Evidences of a swinging migration of Mount Cameroon volcanic eruptions over the last two centuries

Category Tectonic & Seismotectonic
Group GSI.IR
Location International Geological Congress,oslo 2008
Author Zogning, Appolinaire
Holding Date 17 September 2008

Located at the bottom of the Gulf of Guinea, Mount Cameroon is the only active volcano of the Cameroon Volcanic Line, a 1700 km volcanic range that straddles the oceanic and continental crusts. With an area of about 1800 km2 it has an elongated shape and extends SW-NE on 60-30 km. In the course of the 19th and 20th centuries, it has experienced 14 eruptions, distributed all over the massif. The analysis of the spatio-temporal distribution of these eruptions tends to show evidence of a swinging migration of the eruptive activity of this volcano.
A total of two and half cycles are identified, with a variable periodicity. These are: 1- The 1815 to 1922 cycle which extended over a period of 107 years, with a long northward movement (1815 to 1868) and a rapid backward movement (1909 to1922);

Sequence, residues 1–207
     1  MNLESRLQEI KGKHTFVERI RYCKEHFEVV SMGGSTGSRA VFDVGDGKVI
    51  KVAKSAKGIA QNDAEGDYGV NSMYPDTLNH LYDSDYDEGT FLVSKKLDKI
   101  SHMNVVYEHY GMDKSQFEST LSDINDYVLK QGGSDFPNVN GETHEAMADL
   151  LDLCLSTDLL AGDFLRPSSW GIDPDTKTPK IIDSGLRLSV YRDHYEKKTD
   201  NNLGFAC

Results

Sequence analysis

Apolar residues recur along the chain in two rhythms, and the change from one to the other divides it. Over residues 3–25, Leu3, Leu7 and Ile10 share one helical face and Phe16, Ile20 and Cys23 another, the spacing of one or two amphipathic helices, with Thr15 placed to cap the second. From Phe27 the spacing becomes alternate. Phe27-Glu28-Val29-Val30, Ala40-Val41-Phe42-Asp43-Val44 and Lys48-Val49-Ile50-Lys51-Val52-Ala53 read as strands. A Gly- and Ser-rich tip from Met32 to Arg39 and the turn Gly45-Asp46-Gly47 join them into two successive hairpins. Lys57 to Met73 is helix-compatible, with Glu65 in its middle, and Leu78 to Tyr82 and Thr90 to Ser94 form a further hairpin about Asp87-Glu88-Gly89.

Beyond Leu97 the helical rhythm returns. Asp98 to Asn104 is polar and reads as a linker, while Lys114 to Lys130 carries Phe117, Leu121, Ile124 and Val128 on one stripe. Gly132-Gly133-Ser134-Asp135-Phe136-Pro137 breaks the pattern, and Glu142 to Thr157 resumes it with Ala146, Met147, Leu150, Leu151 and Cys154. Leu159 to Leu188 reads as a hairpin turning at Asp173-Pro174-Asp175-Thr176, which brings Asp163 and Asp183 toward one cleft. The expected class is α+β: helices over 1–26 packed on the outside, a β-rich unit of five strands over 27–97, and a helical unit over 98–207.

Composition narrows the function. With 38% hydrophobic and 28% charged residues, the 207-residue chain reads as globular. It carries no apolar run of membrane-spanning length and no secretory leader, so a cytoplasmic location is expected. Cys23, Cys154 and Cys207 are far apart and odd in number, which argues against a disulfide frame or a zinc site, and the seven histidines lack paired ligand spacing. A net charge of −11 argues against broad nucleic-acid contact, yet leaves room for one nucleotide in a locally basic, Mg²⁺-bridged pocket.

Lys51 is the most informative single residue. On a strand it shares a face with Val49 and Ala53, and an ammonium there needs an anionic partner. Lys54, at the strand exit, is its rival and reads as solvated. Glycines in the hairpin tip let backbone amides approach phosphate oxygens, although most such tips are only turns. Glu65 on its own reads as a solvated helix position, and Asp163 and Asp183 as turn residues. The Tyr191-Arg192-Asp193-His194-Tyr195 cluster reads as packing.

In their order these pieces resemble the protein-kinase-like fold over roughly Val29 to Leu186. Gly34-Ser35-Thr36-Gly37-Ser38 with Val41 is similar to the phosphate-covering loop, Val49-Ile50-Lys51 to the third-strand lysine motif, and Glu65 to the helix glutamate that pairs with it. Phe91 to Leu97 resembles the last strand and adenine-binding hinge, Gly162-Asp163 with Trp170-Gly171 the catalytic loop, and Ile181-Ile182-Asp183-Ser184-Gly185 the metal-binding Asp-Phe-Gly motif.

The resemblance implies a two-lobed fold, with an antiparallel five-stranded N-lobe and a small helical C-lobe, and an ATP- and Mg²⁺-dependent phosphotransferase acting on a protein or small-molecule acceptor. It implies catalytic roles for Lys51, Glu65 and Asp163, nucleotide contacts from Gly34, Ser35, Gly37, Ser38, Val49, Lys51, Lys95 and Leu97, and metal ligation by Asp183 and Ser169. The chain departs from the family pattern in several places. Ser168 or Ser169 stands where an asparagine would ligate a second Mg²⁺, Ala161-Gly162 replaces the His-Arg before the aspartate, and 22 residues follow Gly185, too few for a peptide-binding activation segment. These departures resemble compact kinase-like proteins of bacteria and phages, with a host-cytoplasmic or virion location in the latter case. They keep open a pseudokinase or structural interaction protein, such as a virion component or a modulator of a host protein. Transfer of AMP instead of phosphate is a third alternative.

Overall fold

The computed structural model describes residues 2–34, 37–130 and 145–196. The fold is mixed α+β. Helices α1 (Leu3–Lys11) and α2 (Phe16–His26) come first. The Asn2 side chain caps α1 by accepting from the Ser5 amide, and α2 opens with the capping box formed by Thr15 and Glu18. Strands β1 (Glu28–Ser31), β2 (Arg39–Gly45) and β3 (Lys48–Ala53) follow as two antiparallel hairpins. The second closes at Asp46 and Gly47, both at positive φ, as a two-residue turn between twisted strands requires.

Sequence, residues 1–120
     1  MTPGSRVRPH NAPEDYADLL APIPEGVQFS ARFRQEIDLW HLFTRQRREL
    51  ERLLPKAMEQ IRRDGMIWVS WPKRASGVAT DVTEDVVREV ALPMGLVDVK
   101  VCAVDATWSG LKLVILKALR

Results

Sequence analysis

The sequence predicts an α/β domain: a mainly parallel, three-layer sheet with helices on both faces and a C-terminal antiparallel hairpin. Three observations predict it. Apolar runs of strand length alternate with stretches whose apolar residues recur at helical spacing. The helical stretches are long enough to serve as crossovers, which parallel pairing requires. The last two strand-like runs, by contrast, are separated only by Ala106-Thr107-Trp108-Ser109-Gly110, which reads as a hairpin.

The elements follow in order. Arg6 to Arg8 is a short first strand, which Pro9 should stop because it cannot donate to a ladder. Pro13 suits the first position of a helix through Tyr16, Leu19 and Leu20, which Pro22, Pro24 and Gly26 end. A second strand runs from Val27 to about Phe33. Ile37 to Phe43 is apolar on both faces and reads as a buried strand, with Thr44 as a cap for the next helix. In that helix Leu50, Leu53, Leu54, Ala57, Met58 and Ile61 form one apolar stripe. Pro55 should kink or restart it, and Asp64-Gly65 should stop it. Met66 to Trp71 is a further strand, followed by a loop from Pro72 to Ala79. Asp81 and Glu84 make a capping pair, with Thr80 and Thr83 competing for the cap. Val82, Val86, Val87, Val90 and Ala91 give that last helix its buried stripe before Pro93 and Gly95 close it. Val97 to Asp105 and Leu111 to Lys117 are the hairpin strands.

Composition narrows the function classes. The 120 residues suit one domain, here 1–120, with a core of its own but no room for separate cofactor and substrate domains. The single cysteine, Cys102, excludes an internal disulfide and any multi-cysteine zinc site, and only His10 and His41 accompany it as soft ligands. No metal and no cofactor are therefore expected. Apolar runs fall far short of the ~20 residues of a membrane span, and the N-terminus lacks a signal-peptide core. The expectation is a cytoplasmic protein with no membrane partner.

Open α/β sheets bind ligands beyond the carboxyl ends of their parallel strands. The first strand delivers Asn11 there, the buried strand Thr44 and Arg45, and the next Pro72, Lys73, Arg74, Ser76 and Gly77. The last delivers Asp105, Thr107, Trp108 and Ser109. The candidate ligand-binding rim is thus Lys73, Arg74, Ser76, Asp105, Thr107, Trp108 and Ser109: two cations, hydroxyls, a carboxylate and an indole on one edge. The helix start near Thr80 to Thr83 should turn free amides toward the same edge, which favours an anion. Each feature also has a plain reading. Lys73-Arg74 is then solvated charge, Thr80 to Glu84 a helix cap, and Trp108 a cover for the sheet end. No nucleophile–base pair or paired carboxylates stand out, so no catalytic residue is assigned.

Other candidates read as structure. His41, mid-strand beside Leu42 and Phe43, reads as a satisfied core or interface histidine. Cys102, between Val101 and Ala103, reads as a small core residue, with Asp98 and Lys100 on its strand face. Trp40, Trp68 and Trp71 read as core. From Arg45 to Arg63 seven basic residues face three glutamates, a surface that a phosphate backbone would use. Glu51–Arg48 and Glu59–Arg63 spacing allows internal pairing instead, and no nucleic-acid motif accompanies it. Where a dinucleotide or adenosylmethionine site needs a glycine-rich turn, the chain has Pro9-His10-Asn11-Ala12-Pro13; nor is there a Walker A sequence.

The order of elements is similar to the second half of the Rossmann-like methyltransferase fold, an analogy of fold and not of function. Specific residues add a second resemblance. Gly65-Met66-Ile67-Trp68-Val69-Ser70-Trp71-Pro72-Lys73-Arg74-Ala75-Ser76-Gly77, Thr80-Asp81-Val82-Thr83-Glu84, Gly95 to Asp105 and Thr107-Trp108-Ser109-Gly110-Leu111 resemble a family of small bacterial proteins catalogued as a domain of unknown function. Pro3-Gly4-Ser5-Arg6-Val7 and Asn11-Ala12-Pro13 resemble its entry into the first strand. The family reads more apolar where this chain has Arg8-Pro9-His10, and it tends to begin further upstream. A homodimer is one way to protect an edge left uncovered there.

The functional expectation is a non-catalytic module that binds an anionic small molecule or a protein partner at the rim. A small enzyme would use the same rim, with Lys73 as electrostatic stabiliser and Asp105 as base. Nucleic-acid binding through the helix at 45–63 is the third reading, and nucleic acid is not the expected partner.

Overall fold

2- The 1922 to 1999 cycle which extended over a period of 77 years, with a relatively long southwest-north-eastward movement (1922 to1959) and a quite rapid backward movement (1959 to1982);
3- The ongoing cycle, which is still at the beginning, was initiated by the 1999 and 2000 eruptions. The former was registered at the SW end of the volcano and the second at the central area, even though it started there and extended backward to the SW.
While still trying to understand the mechanisms of this migration and the role played by the structure of the volcano, this analysis can help on predicting or forecasting eruptions on this mountain. Logically, in this perspective, the forthcoming eruption will take place in between the summit and the NE end of the volcano.